Tax-Free Retirement Income?
Look Behind the Curtain for the Backdoor IRA
By Donald Karlewicz, CPA, Partner and Douglas S. Ruttenberg, CPA, Partner
Many of us are looking for ways to keep more of what we make and minimize our tax burden. One effective strategy for individual taxpayers can be the Backdoor Roth IRA.
Individuals who might otherwise choose to contribute to a Roth IRA each year often find their incomes are too high to be eligible.
For 2020, you are ineligible to contribute to a Roth IRA once your modified adjusted gross income reaches $139,000 for a single or head of household filer, or $206,000 for a married couple filing jointly, and only $10,000 for those married but filing separately. These thresholds increase slightly for 2021.
As a reminder, all types of IRA contributions can be made up to the due date for filing your return, not including extensions (i.e., April 15, 2021 for 2020 contributions). The Roth IRA, unlike a traditional IRA, provides completely tax and penalty free income upon withdrawal, providing you’ve reached the age of 59½ and have had the money in the Roth for at least 5 years.
Roth IRAs are not subject to minimum annual withdrawal requirements as we have with traditional IRAs. (See New Rules below for distributions from inherited Roth IRAs.)
Stepping Through the Backdoor
What can you do when you find that your income is too high for the Roth IRA? A two-step technique known as the Backdoor Roth IRA provides a workaround to the problem.
Here’s how it works:
Make a non-deductible contribution to a traditional IRA account by April 15, 2021.
As long as you have sufficient earned income (Wages or Self-Employment Income), the maximum allowable annual contributions are $6,000, plus an additional $1,000 for anyone who is over the age of 50 as of December 31, 2020.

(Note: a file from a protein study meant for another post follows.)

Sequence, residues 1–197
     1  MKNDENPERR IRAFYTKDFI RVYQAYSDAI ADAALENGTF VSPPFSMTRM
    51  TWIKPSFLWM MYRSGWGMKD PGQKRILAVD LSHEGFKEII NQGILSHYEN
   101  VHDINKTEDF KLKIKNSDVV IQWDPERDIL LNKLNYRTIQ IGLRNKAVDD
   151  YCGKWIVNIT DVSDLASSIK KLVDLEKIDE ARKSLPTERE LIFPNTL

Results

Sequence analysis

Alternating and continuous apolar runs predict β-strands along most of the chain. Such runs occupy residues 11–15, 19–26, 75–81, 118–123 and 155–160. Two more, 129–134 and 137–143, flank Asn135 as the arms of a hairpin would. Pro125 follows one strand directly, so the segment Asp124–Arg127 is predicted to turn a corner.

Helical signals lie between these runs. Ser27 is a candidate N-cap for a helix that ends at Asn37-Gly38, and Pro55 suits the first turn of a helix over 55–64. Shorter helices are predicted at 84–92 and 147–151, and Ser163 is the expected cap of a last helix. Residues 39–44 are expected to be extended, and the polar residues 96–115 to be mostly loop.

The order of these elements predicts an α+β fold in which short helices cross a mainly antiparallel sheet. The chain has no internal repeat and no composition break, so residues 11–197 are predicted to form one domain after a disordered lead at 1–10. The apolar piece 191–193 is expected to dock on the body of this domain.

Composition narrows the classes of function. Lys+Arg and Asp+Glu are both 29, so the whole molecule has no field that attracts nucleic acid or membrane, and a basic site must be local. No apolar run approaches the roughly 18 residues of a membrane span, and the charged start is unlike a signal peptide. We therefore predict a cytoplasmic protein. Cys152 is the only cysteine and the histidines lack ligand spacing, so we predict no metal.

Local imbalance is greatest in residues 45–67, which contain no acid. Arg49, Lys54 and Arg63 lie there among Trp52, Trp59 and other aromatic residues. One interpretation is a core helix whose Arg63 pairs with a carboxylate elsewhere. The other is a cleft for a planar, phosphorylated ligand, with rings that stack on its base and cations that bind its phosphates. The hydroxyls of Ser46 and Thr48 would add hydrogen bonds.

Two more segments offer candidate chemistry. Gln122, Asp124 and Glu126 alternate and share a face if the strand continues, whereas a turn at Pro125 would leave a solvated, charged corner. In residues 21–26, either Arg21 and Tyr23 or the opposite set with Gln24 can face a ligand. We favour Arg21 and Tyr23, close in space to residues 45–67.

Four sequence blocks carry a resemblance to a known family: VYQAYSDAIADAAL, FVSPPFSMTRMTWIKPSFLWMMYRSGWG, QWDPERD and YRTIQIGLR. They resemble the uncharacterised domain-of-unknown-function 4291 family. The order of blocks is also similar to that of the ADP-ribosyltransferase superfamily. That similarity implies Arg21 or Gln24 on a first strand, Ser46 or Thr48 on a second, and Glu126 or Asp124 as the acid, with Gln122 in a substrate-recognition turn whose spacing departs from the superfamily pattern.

You can make a non-deductible IRA contribution even if you have maxed out your 401(k) contributions at work.
Be sure your tax preparer knows you are making a NON-DEDUCTIBLE IRA contribution so he/she can complete Form 8606 to track your “basis” in your IRAs.
Shortly after completing Step 1, notify your financial advisor to initiate an IRA conversion by simply moving the funds from your traditional IRA account to your Roth IRA account.
Since the contribution to the traditional IRA was not deductible, the conversion to the Roth will likely be non-taxable.
If you have made any investment earnings during the time the money sat in the traditional NON-DEDUCTIBLE IRA, you may end up with a small amount of taxable income as a result, but by completing Step 2 quickly, this should not amount to very much.
This technique works very well for individuals who do not have existing traditional IRA accounts.
For those who do, there are allocation rules that will minimize the effectiveness of the Backdoor Roth IRA and will likely result in more taxable income at Step 2.
The allocation rules require you to recognize some portion of the converted IRA in the year of conversion. But there’s a workaround to that problem as well.
If your employer-sponsored plan allows you to roll your existing traditional IRA accounts into your employer’s 401(k) or 403(b) plans at work, you may be able to avoid the allocation rules. There is no tax to be paid on a rollover transaction.
Using the Backdoor Roth strategy consistently year-after-year can help to build up your Roth IRA and provide you with a significant amount of tax-free income after you’ve reached those golden years.
One item of caution with ROTH IRAs. As a result of the SECURE ACT effective for 2020 and beyond, there are new rules for retirement account distributions.
Generally, all IRAs inherited by NON-SPOUSE beneficiaries after December 31, 2020 must be withdrawn by the beneficiary within 10 years. They remain non–taxable during the 10-year period of withdrawal.
See our prior Thought Leadership article for further explanation of the SECURE Act.
For questions about a Backdoor IRA, contact your PKF O’Connor Davies tax professionals or:
Donald Karlewicz, CPA
firstname.lastname@example.org | 551.249.1759
Douglas S. Ruttenberg, CPA
email@example.com | 914.341.7064